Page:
A few weeks ago I wrote a blog post on corporate entities, including General Partnerships and Limited Partnerships. Here’s what I said about General Partnerships, which I’m going to expand on in this post:
The first thing I should point out is that if you start working with other people, and don’t pick a legal entity, in many cases, the state will pick one for you. And to quote my colleague @indiegamelawyer, it will usually pick the worst possible one. Namely, a general partnership.
A general partnership is the oldest form of legal entity. Once two or more people start engaging in a common business enterprise they can form a general partnership without even realizing it – it happens by operation of law in many jurisdictions. (Alternately, you can formally create one by entering into a partnership agreement.) Basically, everyone participating is a general partner, usually able to contract on behalf of the partnership, usually having an equal right to manage the partnership, and usually liable for all debts incurred by the partnership. The takeaway here is that if you’re going to go into business with someone, you need to form an entity deliberately or you may very well enter into a general partnership without even knowing it and without any control over the form of the partnership.
NOTE: Formally created General Partnerships are usually identified by the word “Partners” or “Partnership” in their names. They are governed either by the law of the state where they form, or by their Partnership Agreements. They are owned and operated by Partners.
Now, what I want to call your attention to in particular is the text in bold in the above quote. “By operation of law” means that the law says when the conditions are met, the partnership forms, will ye, nil ye. You can’t stop it, and you don’t have to do anything other than meet the conditions. What those conditions are will vary by jurisdiction, but in many US states it’s either a part of the common law or the principle has been transferred into a statute (a law passed by a legislature) which works pretty much the same way.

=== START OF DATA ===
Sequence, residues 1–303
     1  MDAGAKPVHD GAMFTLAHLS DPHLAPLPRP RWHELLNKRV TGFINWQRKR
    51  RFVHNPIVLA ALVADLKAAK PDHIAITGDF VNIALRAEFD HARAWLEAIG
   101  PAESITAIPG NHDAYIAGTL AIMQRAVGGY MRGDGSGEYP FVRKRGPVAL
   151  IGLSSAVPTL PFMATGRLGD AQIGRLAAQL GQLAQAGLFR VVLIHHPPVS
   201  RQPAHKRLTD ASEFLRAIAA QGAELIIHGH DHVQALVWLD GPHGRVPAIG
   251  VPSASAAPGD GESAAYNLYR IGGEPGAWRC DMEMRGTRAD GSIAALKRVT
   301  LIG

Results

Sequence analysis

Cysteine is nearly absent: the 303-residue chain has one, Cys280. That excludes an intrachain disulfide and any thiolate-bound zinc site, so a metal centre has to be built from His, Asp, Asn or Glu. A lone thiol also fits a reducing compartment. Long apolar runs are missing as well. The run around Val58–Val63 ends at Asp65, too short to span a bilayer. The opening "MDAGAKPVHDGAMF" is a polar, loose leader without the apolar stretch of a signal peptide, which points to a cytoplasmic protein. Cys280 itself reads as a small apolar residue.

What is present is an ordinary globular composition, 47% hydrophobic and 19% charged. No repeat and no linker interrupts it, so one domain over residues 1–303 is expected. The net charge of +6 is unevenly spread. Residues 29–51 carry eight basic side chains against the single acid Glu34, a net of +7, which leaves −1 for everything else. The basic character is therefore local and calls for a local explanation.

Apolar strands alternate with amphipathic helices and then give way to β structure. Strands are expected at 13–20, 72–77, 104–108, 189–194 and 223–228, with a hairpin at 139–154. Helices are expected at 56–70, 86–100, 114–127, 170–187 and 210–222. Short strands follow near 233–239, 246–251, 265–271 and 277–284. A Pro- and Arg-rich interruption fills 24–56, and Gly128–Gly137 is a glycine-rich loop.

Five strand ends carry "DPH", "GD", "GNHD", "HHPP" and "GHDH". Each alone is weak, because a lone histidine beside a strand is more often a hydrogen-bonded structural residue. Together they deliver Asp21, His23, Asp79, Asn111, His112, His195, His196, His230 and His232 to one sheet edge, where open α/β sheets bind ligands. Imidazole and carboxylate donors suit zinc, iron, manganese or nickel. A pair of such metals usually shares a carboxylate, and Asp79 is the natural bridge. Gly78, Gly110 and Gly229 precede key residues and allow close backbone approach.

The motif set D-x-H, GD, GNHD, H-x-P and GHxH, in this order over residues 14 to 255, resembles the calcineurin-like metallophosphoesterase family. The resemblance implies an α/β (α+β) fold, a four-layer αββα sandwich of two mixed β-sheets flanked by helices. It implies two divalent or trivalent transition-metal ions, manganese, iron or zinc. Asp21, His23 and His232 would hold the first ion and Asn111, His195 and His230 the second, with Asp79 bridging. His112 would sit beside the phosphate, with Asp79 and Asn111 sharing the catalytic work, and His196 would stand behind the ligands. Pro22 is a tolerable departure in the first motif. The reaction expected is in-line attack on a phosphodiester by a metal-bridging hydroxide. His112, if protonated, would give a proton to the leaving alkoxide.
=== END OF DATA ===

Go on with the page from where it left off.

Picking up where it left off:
(In some jurisdictions this post may be considered ATTORNEY ADVERTISING.)
I am raising my hourly and standard fixed fees as of October 1, 2018. I’ll still be charging less than most lawyers with my qualifications and experience, but I will be increasing what I charge to reflect the fact that the world’s not getting any cheaper.
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As always, thanks for reading!
(The author provides legal services related to the topic of this post. In some jurisdictions this may be considered ATTORNEY ADVERTISING.)
A Tweet I got this evening:
@legalinspire Would you happen to have a blog entry explaining the difference between incorporating and an LLC… maybe?
— Namie’s Books (@NamiesBooks) August 6, 2018
Well, I am nothing if not accommodating, as long as it doesn’t, you know, involve much actual work. And for a transactional lawyer, answering this question doesn’t really involve much work. So here we go! Read The Rest
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Previous posts on Cockygate:
Romance Author Gets Unduly Cocky Over Registered Trademark: http://legalinspiration.com/?p=503
#Cockygate Take Two: This Time It’s Judicial: http://legalinspiration.com/?p=538
Well, it’s been a weird ride. And although it seems like it’s been forever, in Federal court case terms, it’s been a fairly short one. Yesterday Faleena Hopkins and Hop Hop Productions filed a Motion to Dismiss with Prejudice in Hop Hop Productions Inc. v. Kneupper et al:
If the judge grants the motion, and he almost certainly will, this means is that neither plaintiff (Ms. Hopkins or her company Hop Hop Productions) can file another lawsuit against the same defendants for the same legal causes of action based on the same facts. (That’s the “with prejudice” part.)
So is the #Cockygate closed? Will our sexy roosters now stay safely within the barnyard of alpha romance tales?
I was flattered to be asked to appear on the “Deadman’s Tome” podcast recently. While the podcast is primarily oriented toward horror fans, the host, “Mr. Deadman,” ran across the #CockyGate saga on Twitter and wanted to discuss the general issue of registering simple words as trademarks for book series. We talked about what trademarks are, how they work. and what’s going on with the #CockyGate lawsuit and PTO process. We also talked about lootboxes and I displayed my utter inability to commit to a favorite horror movie. Check it out!
As always, thanks for reading!